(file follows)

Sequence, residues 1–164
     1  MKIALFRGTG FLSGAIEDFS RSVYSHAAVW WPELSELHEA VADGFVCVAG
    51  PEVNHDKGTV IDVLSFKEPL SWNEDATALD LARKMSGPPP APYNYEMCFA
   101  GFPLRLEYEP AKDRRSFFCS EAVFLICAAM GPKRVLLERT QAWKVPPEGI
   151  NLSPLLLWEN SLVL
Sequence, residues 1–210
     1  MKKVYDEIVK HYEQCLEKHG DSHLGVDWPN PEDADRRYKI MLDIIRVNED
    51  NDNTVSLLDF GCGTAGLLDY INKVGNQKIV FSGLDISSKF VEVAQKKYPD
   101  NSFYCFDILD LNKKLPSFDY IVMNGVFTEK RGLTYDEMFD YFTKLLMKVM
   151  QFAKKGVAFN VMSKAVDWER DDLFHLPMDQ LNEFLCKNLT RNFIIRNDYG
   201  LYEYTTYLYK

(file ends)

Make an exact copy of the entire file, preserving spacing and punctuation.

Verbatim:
Sequence, residues 1–164
     1  MKIALFRGTG FLSGAIEDFS RSVYSHAAVW WPELSELHEA VADGFVCVAG
    51  PEVNHDKGTV IDVLSFKEPL SWNEDATALD LARKMSGPPP APYNYEMCFA
   101  GFPLRLEYEP AKDRRSFFCS EAVFLICAAM GPKRVLLERT QAWKVPPEGI
   151  NLSPLLLWEN SLVL
Sequence, residues 1–210
     1  MKKVYDEIVK HYEQCLEKHG DSHLGVDWPN PEDADRRYKI MLDIIRVNED
    51  NDNTVSLLDF GCGTAGLLDY INKVGNQKIV FSGLDISSKF VEVAQKKYPD
   101  NSFYCFDILD LNKKLPSFDY IVMNGVFTEK RGLTYDEMFD YFTKLLMKVM
   151  QFAKKGVAFN VMSKAVDWER DDLFHLPMDQ LNEFLCKNLT RNFIIRNDYG
   201  LYEYTTYLYK